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A first timer's foray to Fuji Rock Festival
Ecology, hushed crowds and storming live sets at Japan's most iconic music festival
Perched on a natural grass amphitheater that descends to an enormous live stage in the wooded Mount Takenoko in Naeba, peaks rising in the distance, I look around to discover I might be the only first-timer here. Cascading down the slope to Fuji Rock Festival's mighty Green Stage is a technicolor sea of portable chairs, picnic tables and tarpaulins, a sure sign that 14 years in, Japan's most iconic music event has become a staple for music fans who were far more prepared than I.
Click 'View Gallery' above for more images of the festivities.
Even accounting for its glorious -- if tricky to reach -- location in the peaks of Niigata, Fuji Rock stands out as one of the great world festivals, maintaining an atmosphere like no other. Despite occasional drizzle over the course of the three days that turned patches of the sprawling site into thick gloopy mud, the diligence of each and every attendee to take any shred of trash with them and carefully separate them into designated drop boxes means that while you are surrounded by tens of thousands of people, you can also feel at ease in unblemished nature.
Influenced by the ecological theme of England's Glastonbury Festival, Fuji Rock provides exercise among the hillsides via atmospheric boardwalks that meander through the forest, past villages of hammocks and sweet-smelling organic food stalls, leading all the way down to hippy hangout Stone Circle, nearly an hour's walk from the iconic site entrance. En route the full range of aural delights that music can provide emanate from a multitude of stages, floating with the near permanent mist above to the almost meditative audiences.
Local vs. Western moods
An abundance of quality food from around the world -- not to mention organic wine bars and Western-style drinking holes -- complement the diversity of acts performing nearly 24 hours a day. But while the international influence of the festival is abundant, the mood among the crowd is decidedly hushed. Whether throngs of people are swarming towards an unmissable performance, milling around the more obscure podiums that are scattered from the peaks of the mountains to the depths of the woods, or sat patiently between sets in the open spaces of the monster stages, the Japanese crowd keeps to itself.
A tell-tale sign of the difference of Western attitude to festivities and the local contingent is played out each night at the curious Crystal Palace Tent, that features human cannonball's, post-apocalyptic style rides and DJs until 7 a.m. With alcohol dished out in generous portions it's the site to find Tokyo's foreign community living it large until the sun is welcoming back most of the previous night's revelers.
Almost coming second to creating the perfect ecological rock extravaganza are the bands themselves, who merely soundtrack proceedings. The opening day saw London hotshots The xx perform a set that repeatedly threatened to entrance the crowd before letting them down in indulgent morose monotony. Them Crooked Vultures delivered a thunderous set with drummer Dave Grohl seemingly intent on literally moving mountains, while U.K. native Corinne Bailey Rae brightened up the crowd with a soulful set of crafted pop. Closing out the first night's main stage shenanigans, another U.K. band, Muse, delivered a master-class of space-age stadium rock complete with glittering costumes and anime visuals.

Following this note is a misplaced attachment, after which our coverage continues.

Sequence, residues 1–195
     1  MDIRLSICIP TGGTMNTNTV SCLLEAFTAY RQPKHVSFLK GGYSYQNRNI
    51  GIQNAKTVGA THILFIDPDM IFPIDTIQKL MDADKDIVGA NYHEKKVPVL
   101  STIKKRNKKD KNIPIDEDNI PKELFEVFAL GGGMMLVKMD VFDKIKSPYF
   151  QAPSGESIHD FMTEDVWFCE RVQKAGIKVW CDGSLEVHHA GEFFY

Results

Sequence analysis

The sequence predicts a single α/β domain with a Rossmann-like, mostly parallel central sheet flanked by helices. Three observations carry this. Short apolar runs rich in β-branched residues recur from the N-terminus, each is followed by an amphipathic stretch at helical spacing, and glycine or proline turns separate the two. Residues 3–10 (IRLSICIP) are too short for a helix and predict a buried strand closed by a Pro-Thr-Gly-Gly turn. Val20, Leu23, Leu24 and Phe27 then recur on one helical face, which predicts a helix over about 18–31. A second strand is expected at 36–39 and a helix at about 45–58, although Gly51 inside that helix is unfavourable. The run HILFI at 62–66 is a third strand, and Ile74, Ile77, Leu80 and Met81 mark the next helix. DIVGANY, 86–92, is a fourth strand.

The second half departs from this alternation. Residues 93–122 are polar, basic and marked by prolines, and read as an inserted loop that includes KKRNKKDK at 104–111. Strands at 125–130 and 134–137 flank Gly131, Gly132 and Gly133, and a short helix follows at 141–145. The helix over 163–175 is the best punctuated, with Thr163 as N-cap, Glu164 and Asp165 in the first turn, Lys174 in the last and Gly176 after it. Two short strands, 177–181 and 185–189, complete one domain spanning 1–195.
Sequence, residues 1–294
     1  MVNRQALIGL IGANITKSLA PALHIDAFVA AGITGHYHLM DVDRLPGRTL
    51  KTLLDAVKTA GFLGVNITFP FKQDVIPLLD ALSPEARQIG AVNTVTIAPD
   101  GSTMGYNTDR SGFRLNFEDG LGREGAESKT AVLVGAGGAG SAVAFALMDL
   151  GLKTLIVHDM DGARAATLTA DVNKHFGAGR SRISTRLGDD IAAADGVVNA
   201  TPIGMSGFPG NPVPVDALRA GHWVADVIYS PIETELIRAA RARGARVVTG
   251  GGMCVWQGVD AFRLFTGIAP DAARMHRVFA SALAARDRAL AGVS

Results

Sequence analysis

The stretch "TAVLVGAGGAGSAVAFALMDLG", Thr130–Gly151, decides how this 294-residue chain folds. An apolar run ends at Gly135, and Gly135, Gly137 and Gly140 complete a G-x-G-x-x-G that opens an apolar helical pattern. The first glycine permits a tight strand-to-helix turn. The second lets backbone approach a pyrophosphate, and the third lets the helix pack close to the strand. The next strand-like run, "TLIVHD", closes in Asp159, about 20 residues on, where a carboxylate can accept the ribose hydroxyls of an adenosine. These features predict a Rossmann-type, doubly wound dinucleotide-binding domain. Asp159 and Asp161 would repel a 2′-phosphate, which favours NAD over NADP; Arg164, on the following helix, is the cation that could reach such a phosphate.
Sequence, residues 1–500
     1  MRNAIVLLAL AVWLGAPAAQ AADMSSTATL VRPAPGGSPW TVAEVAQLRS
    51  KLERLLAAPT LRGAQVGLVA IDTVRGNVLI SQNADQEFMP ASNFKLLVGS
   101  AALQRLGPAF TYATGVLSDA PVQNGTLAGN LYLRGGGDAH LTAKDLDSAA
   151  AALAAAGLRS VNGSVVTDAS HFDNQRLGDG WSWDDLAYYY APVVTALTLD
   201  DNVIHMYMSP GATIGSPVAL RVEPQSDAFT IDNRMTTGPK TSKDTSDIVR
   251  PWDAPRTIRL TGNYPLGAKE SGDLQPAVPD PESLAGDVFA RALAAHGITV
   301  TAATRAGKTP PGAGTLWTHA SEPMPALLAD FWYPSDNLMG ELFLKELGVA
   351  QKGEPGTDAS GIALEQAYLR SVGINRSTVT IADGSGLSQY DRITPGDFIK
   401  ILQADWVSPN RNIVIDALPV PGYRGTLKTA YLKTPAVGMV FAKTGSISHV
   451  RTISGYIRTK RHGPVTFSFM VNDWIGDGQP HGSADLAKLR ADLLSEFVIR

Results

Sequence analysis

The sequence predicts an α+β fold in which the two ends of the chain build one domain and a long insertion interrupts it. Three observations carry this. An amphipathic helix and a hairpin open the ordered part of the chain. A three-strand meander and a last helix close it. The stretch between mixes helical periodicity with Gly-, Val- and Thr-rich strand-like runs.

Super groups are back
On day two, Fuji revealed some slightly poor booking schedules, a relatively weak line-up left the fields half-empty to witness a breezy and playful Jamie Cullum work up the lazy-afternoon revelers, before former Creedence Clearwater Revival frontman John Fogerty rolled back the years to play a string of hits including the rambunctious "Have You Ever Seen The Rain?". Green Stage headliners Roxy Music seemed suprisingly out of their depth on the big stage, causing a bottleneck of fans diverting to MGMT on the second largest White Stage, though consensus seemed to be that they too failed to live up to billing, perhaps due to the same flat sound that dulled the great Bryan Ferry in the Roxy set.
The final day brought out the big guns and fans with one-day tickets seemed to pile in to see New Yorker's Vampire Weekend run through a tight and polished set of African-infused indie rock, one of the highlights of the festival. Thom Yorke's Atoms For Peace kept the indie-art rock going, the unit featuring Red Hot Chilli Pepper's bassist Flea and delivering much of his "The Eraser" solo album in funk style, though it was the solo session of Yorke at a piano that brought the most moving moment with a spine-tingling reading of Radiohead song "Videotape".
The Red Marquee, home mostly to dance acts, provided respite from the intensive noodlings with Scottish dance act Hot Chip driving the crowd wild and proving themselves as a far better -- and kooky -- live act than their patchy records suggest. Mellow French electronic duo Air then swayed the crowd with dream-like soundscapes until pop hits "Sexy Boy" and "Kelly Watch The Stars" had them in full voice.
The main stage's last act (bar extra late-night special guests The Scissor Sisters) was to bring the dark, spooky cinematic creepiness of Bristol-base collective Massive Attack to the forest, who duly delivered a mesmerizing and sometimes hypnotizing set that culminated with the pulsing "Atlas Air" as the drizzle appropriately descended.